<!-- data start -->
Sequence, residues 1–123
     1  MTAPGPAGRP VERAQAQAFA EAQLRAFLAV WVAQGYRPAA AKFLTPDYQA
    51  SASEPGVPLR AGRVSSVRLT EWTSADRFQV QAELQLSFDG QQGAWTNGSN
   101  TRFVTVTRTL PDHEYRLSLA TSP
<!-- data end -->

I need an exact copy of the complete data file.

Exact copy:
Sequence, residues 1–123
     1  MTAPGPAGRP VERAQAQAFA EAQLRAFLAV WVAQGYRPAA AKFLTPDYQA
    51  SASEPGVPLR AGRVSSVRLT EWTSADRFQV QAELQLSFDG QQGAWTNGSN
   101  TRFVTVTRTL PDHEYRLSLA TSP